Happiness Ought To Be Shared
I have come to accept that not everyone in my family finds happiness in many of the things that make me happy. I say "some" sort of acceptance because I genuinely don't understand how they don't.
For example, it makes me happy to do laundry. It also makes me happy to re-watch the television show Fringe, listen to ear-melting heavy metal, and put too much peanut butter on my peanut butter toast.
Also, I find joy in eating mayonnaise from the jar, but it has to be Duke's mayonnaise. I have standards, you know.
There's a long list of these things that I could continue listing, but in the interest of time, let me just say: There's a lot. Also, I (not so) secretly feel like my family members are constantly judging me because of this long list.
Having said all, it's a lot more fun when the things that make me happy also make my family happy.
When we find common ground, discover ways to support one another in our joys, and gather together to do things that bring us all delight, it just hits differently. We make memories, discover what's true about one another, and find new things that can bring us all happiness together.
Recently, I read a fantastic line from Patrick Borland, who co-wrote Everything Is Sacred with Fr. Richard Rohr:
But if we stay focused on our individual happiness and do not grow toward others within the collective, we miss out on the broader message of the Gospel and a deeper experience of life.
One of the many maladies that affect our current culture of strife and division is that most seek our own happiness first and foremost, with little regard for others.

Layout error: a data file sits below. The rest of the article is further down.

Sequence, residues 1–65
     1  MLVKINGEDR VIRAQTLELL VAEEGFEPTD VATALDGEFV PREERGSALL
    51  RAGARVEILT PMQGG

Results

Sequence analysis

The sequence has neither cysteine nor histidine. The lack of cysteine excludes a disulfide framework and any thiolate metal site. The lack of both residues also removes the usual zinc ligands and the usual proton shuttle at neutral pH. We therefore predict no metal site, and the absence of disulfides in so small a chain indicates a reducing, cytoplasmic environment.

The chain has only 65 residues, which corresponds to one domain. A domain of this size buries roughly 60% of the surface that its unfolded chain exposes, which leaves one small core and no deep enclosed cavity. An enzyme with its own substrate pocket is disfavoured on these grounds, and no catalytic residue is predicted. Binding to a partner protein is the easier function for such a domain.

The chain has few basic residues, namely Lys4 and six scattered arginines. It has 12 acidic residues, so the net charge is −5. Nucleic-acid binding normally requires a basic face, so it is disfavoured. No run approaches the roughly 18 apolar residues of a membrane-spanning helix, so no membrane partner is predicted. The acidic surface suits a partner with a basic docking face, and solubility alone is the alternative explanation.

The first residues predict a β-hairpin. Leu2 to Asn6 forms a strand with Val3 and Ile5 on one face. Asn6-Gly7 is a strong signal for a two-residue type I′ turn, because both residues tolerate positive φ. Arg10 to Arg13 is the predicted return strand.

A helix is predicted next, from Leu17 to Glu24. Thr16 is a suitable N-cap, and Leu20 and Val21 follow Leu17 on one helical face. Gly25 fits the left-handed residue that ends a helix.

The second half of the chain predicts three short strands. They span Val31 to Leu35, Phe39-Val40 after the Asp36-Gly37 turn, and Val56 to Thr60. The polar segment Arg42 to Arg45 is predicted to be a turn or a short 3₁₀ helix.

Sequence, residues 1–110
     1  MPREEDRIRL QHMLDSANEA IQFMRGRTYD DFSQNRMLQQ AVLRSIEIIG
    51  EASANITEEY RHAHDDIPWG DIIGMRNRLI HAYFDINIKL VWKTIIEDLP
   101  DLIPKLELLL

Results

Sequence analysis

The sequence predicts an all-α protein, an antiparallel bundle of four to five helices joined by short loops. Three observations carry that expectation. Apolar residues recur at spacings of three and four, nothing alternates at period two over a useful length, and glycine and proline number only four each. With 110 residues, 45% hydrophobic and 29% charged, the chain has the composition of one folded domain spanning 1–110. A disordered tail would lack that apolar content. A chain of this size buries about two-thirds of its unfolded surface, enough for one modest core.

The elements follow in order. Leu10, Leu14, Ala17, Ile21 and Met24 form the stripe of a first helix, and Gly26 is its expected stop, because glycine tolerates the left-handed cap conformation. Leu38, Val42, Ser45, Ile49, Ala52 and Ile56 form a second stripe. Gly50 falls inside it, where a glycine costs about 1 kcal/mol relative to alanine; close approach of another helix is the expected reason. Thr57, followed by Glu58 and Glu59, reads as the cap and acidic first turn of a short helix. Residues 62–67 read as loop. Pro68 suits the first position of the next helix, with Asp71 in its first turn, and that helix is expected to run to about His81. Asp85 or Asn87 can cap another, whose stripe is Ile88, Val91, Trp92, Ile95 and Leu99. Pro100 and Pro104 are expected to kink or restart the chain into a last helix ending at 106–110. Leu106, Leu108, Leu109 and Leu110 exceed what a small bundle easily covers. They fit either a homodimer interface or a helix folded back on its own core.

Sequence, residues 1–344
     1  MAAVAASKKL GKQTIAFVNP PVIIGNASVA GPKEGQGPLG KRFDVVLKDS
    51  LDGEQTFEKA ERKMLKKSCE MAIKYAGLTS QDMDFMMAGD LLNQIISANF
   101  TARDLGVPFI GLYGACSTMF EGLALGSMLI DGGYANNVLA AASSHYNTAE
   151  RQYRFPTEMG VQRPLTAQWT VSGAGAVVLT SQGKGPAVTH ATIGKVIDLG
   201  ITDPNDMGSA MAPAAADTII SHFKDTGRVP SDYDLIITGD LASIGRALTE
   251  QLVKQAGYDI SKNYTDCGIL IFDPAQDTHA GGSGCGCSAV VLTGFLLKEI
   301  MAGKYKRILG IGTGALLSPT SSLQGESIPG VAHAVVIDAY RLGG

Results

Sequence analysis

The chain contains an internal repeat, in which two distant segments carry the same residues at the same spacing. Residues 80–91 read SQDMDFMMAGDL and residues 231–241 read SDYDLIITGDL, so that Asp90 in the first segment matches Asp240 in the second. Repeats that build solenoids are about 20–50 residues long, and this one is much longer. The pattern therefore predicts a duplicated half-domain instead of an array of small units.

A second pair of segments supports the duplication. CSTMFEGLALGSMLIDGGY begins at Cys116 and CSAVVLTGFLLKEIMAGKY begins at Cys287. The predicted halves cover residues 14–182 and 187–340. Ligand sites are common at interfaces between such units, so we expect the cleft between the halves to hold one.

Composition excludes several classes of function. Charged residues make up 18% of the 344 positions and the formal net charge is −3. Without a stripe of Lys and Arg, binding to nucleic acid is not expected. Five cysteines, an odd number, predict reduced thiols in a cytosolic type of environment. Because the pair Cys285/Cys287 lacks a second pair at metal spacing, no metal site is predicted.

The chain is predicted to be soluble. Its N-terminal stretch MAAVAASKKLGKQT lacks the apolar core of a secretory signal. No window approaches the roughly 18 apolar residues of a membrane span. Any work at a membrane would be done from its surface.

While we might allow for some outward growth toward others, we will often limit that growth to a small circle of friends and loved ones, and even then, more often than not, our happiness is conditional on how much we're willing to share, or how our sharing is received.
As I've mentioned here recently, our happiness isn't dependent on others or things we might be attached to in unhealthy ways. Happiness depends on a choice we make every day to choose it over other negative emotions that don't serve us well.
One of the many ways we can choose happiness is to realize that it most often comes to us when we focus on others and direct our growth as human beings outward as well as inward.
We should engage in self-care, and we absolutely should find joy in the things that bring us joy, as long as they are indulged in healthy ways. But we find a more complete form of happiness when we share our joy with others.
The most important way we demonstrate our love for God is by loving others. And when we show that love by stretching the boundaries of our joy, we can more fully realize the kind of happiness that is possible as a result.
May you find ways to extend joy to those around you today and every day. May you share your joy with everyone you come into contact with, keeping in mind that your happiness will be multiplied as you do.
And may the grace and peace of our Lord Jesus Christ be with you now and always. Amen.